Many of works of literature we read, such as “We Sinful Women,” Persepolis, The Swallows of Kabul, and Madras on Rainy Days tackle gender issues, and as a feminist, I found this theme to be particularly interesting. It was often painful to read certain passages in these works, such as the stoning scene from The Swallows of Kabul, in which women were brutalized or subjected to horrible injustices. Our class discussions on the subject were as engaging as they were depressing, as it became surprisingly easy to relate these injustices to our own experiences with rape culture on campus or slut-shaming or relatives’ reactions to girls liking boys. Several of my portfolio pieces center around the oppression of women: my collage interpretation of “We Sinful Women” focused on women’s bodies and their simultaneous power and powerlessness, my poem based on Madras on Rainy Days similarly broached the theme of women surrendering control of their bodies, and my re-telling of The Wedding of Zein played with giving a voice to a girl who is rendered voiceless by her society. Through these pieces, I tried to challenge narratives or manifestations of patriarchy presented in the literature.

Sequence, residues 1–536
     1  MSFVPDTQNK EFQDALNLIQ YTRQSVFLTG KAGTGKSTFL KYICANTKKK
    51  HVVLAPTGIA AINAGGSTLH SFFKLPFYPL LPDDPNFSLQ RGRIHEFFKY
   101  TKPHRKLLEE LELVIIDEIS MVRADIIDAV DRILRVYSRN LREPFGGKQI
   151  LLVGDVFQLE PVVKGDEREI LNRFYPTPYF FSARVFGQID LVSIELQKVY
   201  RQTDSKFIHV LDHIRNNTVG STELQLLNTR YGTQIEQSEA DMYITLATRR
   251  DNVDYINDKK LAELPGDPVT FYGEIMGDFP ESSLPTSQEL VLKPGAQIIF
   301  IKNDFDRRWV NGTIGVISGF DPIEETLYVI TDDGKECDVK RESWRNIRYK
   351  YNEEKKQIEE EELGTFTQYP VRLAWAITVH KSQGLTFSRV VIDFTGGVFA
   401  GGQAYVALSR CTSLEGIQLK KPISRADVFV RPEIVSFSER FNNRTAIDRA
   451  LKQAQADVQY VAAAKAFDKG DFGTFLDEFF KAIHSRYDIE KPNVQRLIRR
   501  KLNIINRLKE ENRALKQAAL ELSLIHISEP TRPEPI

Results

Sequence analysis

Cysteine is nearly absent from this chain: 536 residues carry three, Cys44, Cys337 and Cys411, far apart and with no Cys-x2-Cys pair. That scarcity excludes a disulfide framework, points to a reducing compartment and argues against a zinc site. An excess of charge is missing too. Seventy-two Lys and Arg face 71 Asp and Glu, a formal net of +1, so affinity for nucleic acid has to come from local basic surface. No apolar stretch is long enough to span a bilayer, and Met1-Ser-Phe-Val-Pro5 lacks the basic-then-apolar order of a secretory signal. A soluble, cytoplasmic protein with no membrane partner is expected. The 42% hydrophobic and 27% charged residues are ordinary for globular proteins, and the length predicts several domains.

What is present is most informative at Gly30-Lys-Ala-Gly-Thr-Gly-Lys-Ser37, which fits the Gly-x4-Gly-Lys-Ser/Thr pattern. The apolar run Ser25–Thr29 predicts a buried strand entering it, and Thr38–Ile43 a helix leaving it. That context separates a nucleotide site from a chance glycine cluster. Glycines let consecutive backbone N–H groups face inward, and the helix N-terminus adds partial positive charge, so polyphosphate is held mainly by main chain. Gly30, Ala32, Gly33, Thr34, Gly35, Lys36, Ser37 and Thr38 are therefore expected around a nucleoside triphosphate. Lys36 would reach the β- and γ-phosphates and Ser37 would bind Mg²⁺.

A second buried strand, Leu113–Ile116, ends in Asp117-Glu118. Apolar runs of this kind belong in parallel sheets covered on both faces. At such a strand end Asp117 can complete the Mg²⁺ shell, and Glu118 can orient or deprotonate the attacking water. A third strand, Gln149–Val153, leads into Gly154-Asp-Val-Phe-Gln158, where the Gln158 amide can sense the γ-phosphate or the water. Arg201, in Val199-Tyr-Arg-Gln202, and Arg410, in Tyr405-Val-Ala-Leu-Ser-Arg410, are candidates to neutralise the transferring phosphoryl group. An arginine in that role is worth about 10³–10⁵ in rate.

Another issue that is prevalent throughout the works and my portfolio is the conflict between progress and tradition, a conflict that often unfortunately gets conflated with the conflict between Islam and the West. This was the central theme in Ambiguous Adventure, as village leaders struggled over the decision to send Sambo Diallo to receive a Western education rather than the traditional training centering around Islam and spirituality. This eventually became a conflict between symbols of Western advancement, such as modern innovations and material wealth, and the effort to hold on to village tradition, religious observance, and spiritual meaning. I depicted this fight in my marker drawing entitled “Progress v. Tradition,” in which a boot representing Europe is crushing Africa and Sambo Diallo’s village. “The Garden,” a piece based on Iqbal’s “Complaint” and “Answer,” also explores this theme. Iqbal argues in his “Answer” that a commitment to progress is a central component of Islam, since Muslim societies have historically been leaders in innovation, science, and the arts. He says that while the West has taken over this role, Muslims must reaffirm their faith and efforts to advance their societies, so that “after centuries of tending soars Islam, a mighty tree.”